United Kingdom

Elaine Constantine – Northern Soul (2014)

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Synopsis:
The storyline cleverly blends all the ingredients that defined the Northern Soul scene in the 1970s – from the obsessive record collecting, dancing and drug taking to the deeper aspects such as… well, the consequences of all of the above.

If you went to all-nighters at the time, it’s an emotional roller coaster ride that will hit you with the highs and lows, triumphs and tragedies all over again. If you didn’t go, it’s the closest you’ll get to ever understanding. Read More »

Jack Clayton – The Innocents (1961)

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Quote:
Jack Clayton’s celebrated screen adaptation of Henry James’s The Turn of the Screw (1898) is a brilliant exercise in psychological horror. Impressionable and repressed governess Miss Giddens (Deborah Kerr) agrees to tutor two orphaned children, Miles and Flora. On arrival at Bly House, she becomes convinced that the children are possessed by the perverse spirits of former governess Miss Jessel and her Heathcliffe-like lover Quint (Peter Wyngarde), who both met with mysterious deaths.

The film’s sinister atmosphere is carefully created – not through shock tactics, but through its cinematography, soundtrack, and decor: Freddie Francis’ beautiful CinemaScope photography, with its eerily indistinct long shots and mysterious manifestations at the edges of the frame; an evocative and spooky soundtrack; and the grand yet decaying Bly House.

Deborah Kerr gives the performance of her career and makes The Innocents an intensely unsettling experience. Are the ghosts the products of Miss Giddens’s fevered imagination and emotional immaturity, or a displacement of her shock at the sexually precocious behaviour of ten-year-old Miles? Is she the protector or the corrupter? Read More »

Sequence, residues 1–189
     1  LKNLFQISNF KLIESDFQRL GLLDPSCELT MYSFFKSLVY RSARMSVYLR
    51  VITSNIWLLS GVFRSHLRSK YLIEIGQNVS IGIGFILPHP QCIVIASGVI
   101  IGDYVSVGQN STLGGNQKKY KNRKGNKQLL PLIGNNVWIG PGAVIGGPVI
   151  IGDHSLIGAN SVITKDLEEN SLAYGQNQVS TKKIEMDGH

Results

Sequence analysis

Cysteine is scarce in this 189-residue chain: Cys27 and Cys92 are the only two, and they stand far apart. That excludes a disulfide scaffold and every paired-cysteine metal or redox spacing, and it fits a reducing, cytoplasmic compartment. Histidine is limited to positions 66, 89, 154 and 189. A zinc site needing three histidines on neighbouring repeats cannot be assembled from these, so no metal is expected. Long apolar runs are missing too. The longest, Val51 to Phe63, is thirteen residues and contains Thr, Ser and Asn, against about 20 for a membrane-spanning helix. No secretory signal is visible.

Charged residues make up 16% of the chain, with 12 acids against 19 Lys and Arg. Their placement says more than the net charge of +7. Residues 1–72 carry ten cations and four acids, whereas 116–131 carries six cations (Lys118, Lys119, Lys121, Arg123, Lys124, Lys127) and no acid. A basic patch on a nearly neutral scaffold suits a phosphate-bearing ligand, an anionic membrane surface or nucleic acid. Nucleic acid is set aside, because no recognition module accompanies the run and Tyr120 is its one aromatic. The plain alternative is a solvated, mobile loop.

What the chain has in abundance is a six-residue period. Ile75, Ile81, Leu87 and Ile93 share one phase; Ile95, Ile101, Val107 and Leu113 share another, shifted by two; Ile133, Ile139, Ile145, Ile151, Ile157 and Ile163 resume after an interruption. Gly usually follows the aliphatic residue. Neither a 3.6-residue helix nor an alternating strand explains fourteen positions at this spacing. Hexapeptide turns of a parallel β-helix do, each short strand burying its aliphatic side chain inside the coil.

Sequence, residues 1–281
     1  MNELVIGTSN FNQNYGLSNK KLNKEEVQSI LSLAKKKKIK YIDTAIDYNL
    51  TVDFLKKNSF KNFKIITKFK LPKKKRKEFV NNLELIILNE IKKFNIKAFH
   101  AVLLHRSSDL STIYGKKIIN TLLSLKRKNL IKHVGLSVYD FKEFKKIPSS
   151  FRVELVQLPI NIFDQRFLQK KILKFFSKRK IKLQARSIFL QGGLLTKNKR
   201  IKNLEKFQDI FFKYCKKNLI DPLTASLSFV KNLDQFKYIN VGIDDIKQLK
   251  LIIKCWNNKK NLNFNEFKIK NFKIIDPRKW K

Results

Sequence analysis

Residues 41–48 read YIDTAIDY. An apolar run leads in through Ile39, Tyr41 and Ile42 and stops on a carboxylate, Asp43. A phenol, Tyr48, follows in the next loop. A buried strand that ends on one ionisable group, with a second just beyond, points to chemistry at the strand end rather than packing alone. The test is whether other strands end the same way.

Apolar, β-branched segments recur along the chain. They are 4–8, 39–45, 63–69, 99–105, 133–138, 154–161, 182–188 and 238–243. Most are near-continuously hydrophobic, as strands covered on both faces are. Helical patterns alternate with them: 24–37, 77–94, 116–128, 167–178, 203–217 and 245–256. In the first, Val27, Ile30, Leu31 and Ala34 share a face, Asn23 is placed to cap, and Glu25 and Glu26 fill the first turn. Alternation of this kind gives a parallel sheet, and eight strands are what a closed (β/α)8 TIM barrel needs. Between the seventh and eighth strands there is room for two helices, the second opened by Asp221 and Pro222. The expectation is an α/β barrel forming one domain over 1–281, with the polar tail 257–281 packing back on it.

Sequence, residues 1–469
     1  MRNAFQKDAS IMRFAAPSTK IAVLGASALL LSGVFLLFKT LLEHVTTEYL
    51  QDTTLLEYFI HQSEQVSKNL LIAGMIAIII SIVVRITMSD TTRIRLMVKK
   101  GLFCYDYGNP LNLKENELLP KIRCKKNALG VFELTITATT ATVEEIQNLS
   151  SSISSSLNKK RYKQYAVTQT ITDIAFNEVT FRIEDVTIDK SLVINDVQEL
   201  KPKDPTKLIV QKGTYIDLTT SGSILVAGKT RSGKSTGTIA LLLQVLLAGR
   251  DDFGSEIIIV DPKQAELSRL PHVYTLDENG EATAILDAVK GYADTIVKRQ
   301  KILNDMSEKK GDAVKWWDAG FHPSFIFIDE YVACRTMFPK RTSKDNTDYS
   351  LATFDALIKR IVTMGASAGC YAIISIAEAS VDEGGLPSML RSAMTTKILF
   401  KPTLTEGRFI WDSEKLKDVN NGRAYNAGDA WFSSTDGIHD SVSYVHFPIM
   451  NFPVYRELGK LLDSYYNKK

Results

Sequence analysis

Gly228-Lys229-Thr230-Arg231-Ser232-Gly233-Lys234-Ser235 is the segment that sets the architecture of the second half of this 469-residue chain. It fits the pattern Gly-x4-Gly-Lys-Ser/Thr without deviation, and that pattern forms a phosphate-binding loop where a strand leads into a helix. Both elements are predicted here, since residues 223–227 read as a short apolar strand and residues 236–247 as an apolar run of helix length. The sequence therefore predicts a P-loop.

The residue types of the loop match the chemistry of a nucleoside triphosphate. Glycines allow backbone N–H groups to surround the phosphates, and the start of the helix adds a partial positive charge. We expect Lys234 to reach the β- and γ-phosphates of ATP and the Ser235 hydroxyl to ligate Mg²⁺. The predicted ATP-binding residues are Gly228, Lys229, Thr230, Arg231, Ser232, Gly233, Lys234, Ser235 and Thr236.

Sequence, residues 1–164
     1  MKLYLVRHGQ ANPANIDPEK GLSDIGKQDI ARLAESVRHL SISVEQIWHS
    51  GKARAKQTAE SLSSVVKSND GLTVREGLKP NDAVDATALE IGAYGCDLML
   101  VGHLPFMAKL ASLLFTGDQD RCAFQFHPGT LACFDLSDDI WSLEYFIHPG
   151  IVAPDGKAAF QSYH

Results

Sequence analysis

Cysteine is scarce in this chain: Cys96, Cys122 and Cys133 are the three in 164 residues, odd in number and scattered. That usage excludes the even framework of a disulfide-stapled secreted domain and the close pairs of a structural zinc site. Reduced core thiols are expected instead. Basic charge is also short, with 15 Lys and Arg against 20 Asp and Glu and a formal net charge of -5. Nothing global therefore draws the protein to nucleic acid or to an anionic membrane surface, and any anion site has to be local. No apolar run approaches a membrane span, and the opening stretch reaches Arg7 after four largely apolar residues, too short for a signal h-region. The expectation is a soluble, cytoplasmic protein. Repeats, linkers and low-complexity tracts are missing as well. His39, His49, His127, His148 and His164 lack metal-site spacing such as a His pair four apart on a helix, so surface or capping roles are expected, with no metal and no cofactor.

Mike Leigh – Naked (1993)

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Quote:
Mike Leigh’s brilliant and controversial Naked stars David Thewlis as Johnny, a charming, eloquent, and relentlessly vicious drifter on the lam in London. Rejecting all those who would care for him, the volcanic Johnny hurls himself into a nocturnal odyssey through the city, colliding with a succession of the desperate and the dispossessed, and scorching everyone in his path. With a virtuoso script and raw performances from Thewlis and costars Katrin Cartlidge and Lesley Sharpe, Leigh’s panorama of England’s crumbling underbelly is a showcase of black comedy and doomsday prophecy, and was the winner of the best director and actor prizes at the 1993 Cannes Film Festival. Read More »

Mike Leigh – Career Girls (1997)

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from allmovie:
Mike Leigh’s first film after his international success Secrets and Lies was this comedy-drama about two former college roommates spending a weekend together — the first time they’ve seen each other in six years. As teenagers, Annie (Lynda Steadman) was painfully shy, terribly nervous (so much so that it manifested itself in a severe facial rash) and in desperate need of self-esteem. Hannah (Katrin Cartlidge), on the other hand, had strong opinions about everything and a habit of blurting them out regardless of the hurt they would inflict upon others. Years later, Annie has gained a certain confidence and poise (and her face has cleared up), but she’s yet to learn how to relax, while Hannah is still incapable of letting a quiet moment speak for itself. As they spend the weekend hunting for apartments (Annie’s looking for a new place to live), they’re constantly reminded of their past together — how far they’ve come, and how far they still have to go. Marianne Jean-Baptiste, who won acclaim for her role as the daughter given up for adoption in Secrets and Lies, co-wrote the musical score for this film. Read More »